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Croatia and Slovenia have agreed on the members of the arbitration panel tasked with settling their border dispute, and the panel's work is set to begin.
The court's president will be Gilbert Guillaume of France, while the other two members will be Bruno Simma of Germany and Vaughan Lowe of Great Britain, Croatian Prime Minister Zoran Milanovic and Foreign Minister Vesna Pusic announced in Zagreb on Tuesday.
"It is very encouraging that we managed to reach an agreement so quickly on such a delicate issue," Milanovic told reporters, adding that intensive diplomatic consultations had been held prior to the agreement.
The European panel members selected by Zagreb and Ljubljana were part of a list of possible judges provided by the European Commission, while the two countries also each put forward a judge to stand on the five-member panel. Croatia appointed Budislav Vukas, and Slovenia Jernej Sekolec.
"Bilateral talks have proven to be important and this government will continue to nurture such talks. Croatia and Slovenia have made the first important step in the establishment of international arbitration," Pusic said.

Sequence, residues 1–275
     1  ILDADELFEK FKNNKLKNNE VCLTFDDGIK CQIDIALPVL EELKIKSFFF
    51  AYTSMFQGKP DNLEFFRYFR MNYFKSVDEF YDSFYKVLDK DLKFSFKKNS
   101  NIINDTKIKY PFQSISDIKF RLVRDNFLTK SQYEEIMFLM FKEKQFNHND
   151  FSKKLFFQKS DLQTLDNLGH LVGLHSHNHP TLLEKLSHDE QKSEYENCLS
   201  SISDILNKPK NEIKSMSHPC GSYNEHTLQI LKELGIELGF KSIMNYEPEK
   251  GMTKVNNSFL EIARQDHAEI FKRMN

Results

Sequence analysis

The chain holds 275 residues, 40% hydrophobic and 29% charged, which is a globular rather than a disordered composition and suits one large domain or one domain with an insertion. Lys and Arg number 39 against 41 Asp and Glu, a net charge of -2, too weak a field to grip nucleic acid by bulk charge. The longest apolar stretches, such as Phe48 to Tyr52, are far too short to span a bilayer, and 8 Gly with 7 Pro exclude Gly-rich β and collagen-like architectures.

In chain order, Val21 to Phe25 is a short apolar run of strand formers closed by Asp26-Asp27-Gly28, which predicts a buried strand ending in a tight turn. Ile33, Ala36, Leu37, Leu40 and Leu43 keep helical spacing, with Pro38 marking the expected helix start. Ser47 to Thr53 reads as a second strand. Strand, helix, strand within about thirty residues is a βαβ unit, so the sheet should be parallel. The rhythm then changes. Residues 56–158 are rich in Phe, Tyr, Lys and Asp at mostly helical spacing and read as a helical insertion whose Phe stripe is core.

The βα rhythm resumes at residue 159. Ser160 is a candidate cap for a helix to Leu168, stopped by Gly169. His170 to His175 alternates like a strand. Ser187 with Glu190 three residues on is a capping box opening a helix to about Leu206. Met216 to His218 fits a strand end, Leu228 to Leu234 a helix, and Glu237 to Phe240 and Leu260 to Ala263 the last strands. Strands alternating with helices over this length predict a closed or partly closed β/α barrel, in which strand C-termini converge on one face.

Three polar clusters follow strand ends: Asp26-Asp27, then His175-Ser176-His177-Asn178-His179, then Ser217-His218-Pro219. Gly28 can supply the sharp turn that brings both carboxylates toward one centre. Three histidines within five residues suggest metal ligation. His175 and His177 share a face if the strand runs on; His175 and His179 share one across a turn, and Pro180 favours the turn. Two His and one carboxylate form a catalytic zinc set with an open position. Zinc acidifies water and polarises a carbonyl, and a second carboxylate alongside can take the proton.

Croatia and Slovenia have been unable to agree on their land and sea border since becoming independent states in the early 1990s. The dispute centres on ownership of Piran Bay in the north Adriatic Sea and Slovenia's access to international waters.
An arbitration agreement was finally agreed in the second half of 2009 by then Croatian and Slovenian prime ministers Jadranka Kosor and Borut Pahor. Slovenia had blocked Croatia's EU negotiations for more than a year before the deal was signed.
The two leaders agreed to allow an arbitration panel rule on the case, and accept whatever judgement the panel reached, without the possibility of appeal.
The arbitration proceedings are expected to last for several years and cost some ten million euros, which will be paid equally by Croatia and Slovenia.
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